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bee drinks honey from finger

bee drinks honey from finger

Exhausted honey bee drinks a drop of honey from a finger. Moments later, she flew away, energized. (JD)

Key member of our team - the Honey Bee Rescue Dog MOLLY

Key member of our team - the Honey Bee Rescue Dog MOLLY

Key member of our team - the Honey Bee Rescue Dog MOLLY

Evan at the Bee Sanctuary

Evan at the Bee Sanctuary

The founder of the Happy Bee Honey Club, Evan, stands proudly in the Bee Sanctuary provided to us by the City of Fort Lauderdale

Capped Brood in a beautiful pattern

Capped Brood in a beautiful pattern

This is worker brood in a beautiful pattern, see the nurse bees taking care of the larvae. Amazing.



Look at the different pollen colors! (JD)


Difficult removal behind a chimney, in a wall, in someone's house

Chimney bees removal

The chimney bees had made honey comb in rows about 8 feet high

Vase bees

Bees had settled into this ceramic vase and had built a large colony. Wonderful to see, but because the top was open, we were concerned that in heavy rains, water would fill the vase and they might drown.

Vase Bees

Bees had made a home in this ceramic outdoor vase. We did not want to disturb them, so we put them in our "Bee I.C.U" and Evan cleverly built a proper hive over them, so they could continue to live in the vase they originally chose, but then could expand upwards into a proper hive. Evan is ingenious!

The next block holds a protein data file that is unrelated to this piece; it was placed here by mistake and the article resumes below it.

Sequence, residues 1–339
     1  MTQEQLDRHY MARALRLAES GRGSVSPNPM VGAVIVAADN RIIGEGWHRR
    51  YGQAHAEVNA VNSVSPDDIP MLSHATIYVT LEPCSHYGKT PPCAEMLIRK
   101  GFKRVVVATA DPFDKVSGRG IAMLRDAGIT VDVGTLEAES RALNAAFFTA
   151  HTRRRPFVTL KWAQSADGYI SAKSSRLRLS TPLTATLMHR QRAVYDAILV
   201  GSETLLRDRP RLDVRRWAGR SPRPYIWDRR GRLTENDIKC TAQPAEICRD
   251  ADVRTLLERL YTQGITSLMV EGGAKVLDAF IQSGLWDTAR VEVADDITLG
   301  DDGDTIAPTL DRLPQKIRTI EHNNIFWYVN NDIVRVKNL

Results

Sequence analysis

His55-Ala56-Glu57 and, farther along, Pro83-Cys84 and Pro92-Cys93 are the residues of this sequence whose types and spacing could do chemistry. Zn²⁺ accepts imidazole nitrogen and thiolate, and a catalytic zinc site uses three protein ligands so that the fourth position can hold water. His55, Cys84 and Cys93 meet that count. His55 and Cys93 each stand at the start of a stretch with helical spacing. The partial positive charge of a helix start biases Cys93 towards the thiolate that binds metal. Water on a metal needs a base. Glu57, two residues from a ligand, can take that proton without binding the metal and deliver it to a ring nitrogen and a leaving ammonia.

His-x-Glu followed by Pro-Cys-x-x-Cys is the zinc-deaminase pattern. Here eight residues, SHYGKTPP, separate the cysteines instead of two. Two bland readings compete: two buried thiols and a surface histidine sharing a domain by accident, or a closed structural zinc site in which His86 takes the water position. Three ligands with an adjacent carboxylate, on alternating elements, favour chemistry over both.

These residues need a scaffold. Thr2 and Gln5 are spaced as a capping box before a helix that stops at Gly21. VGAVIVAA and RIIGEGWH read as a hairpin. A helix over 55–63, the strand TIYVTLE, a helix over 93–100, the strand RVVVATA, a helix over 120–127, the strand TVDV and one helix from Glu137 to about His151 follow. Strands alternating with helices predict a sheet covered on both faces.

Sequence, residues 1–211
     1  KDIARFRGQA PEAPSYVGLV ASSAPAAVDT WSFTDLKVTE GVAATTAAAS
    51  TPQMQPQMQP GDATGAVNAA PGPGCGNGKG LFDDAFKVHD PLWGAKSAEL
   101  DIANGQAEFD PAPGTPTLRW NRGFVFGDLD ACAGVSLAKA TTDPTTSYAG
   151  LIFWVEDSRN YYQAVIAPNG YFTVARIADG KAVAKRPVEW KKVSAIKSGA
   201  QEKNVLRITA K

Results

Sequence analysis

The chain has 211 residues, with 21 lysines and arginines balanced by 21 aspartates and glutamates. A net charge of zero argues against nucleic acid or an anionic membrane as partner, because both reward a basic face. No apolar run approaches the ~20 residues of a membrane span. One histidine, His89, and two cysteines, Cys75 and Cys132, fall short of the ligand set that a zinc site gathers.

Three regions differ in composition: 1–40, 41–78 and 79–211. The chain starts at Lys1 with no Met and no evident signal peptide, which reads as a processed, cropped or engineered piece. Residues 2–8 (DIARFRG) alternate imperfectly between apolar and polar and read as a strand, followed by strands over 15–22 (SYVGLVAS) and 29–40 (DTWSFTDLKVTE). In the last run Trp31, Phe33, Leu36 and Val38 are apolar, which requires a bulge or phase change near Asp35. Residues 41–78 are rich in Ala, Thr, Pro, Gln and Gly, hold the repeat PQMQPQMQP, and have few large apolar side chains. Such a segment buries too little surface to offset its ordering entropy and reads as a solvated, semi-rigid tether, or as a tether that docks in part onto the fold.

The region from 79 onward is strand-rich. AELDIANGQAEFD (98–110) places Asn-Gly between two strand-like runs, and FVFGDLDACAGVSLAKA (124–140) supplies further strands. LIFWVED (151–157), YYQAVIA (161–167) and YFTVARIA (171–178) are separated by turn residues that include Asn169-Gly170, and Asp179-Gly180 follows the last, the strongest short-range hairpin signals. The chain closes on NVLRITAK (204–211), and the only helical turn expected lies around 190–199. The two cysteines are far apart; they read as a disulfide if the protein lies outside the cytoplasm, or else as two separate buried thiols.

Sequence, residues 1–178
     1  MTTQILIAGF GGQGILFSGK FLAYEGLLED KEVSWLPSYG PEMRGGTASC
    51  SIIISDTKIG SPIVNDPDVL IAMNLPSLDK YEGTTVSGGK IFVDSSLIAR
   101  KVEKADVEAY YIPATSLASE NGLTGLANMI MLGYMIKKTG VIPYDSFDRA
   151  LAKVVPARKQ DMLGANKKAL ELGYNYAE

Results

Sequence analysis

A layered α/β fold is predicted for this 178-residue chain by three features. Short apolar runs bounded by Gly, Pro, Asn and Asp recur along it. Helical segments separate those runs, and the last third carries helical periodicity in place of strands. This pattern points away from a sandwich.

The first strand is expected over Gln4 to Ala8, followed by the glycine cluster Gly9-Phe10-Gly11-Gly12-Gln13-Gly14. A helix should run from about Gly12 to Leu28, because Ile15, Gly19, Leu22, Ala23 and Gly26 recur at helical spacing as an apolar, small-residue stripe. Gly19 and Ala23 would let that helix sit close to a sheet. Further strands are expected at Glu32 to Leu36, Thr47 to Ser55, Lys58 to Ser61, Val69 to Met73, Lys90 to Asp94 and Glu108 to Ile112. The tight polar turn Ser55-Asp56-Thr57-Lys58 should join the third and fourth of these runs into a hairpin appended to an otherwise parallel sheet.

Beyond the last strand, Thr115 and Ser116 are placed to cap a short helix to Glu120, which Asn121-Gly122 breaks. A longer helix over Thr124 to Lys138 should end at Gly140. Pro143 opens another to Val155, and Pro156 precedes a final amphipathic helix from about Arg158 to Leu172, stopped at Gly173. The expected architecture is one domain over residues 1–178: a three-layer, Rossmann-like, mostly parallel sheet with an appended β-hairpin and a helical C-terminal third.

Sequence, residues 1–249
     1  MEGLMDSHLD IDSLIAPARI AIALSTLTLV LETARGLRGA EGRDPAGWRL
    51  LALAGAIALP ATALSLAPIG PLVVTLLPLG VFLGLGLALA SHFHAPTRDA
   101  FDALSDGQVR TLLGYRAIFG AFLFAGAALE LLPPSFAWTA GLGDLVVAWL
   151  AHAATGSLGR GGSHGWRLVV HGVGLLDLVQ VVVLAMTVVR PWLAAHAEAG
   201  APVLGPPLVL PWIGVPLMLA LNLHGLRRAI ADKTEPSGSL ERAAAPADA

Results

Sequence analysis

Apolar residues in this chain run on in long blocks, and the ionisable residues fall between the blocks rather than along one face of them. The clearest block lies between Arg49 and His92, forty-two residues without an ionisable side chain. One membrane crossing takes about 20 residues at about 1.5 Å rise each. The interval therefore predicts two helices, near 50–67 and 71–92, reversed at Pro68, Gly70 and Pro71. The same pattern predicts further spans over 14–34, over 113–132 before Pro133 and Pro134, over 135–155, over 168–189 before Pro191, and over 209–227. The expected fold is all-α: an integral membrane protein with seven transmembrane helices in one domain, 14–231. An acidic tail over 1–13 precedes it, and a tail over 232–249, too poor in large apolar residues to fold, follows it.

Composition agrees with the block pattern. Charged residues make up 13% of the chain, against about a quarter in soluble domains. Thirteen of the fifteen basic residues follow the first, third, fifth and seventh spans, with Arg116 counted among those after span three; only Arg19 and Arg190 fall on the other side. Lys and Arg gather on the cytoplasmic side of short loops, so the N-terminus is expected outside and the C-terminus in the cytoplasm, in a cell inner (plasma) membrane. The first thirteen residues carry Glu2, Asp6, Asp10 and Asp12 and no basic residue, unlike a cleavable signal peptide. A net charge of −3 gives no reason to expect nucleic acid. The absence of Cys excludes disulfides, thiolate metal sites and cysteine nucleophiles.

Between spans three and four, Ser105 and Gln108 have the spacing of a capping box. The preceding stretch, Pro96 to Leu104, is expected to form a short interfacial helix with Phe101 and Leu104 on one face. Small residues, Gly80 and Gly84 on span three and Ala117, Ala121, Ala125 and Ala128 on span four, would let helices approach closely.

Vase bees with home extension

Evan designed a hive on legs and built it over the vase bees, so that water wouldn't get inside (we get torrential rain in Florida), and they could expand upwards. Great job Evan! (JD)

Pillar bees removal

A challenging rescue - bees built a huge nest inside the top of this pillar/column. Not an easy removal, but successful! Well done team!

Caravan bees removal

Bees had been living in this old caravan for years, it was about to be towed away and destroyed, so the Happy Bee Honey Club team had to rescue them.

Caravan bees inside

Inside the caravan, once the cabinet doors were removed and the ceiling was opened up, look what they found. It took a long time to remove all the comb, brood, honey, bees and queen, but it was a huge success. (JD)

dead bees due to poison

I was devastated to find hundreds and hundreds of dead bees under my hives in the Bee I.C.U, their tongues hanging out of their poor, lifeless little bodies. Somehow, one of their food sources had been sprayed with something (maybe insecticide? Ant or roach spray? Pesticide? Mosquito spray? Weed killer? - I'll never know) - all I know is that we wish people would stop spraying. These poor bees relied on that food source, and look what it did to them. (JD)

baby bee about to hatch

Isn't she the CUTEST!!!! Managed to capture this darling little baby bee just as she was about to hatch. We watched her hatch and then immediately put her into her hive. (JD)


We are so lucky to have a generous local resident donate his garden to us - it is one of our main Bee Sanctuaries right here in Fort Lauderdale.  He has grown to love them and can often be seen wandering around his garden, checking on them, with a big, happy smile on his face.  THANK YOU PETE!

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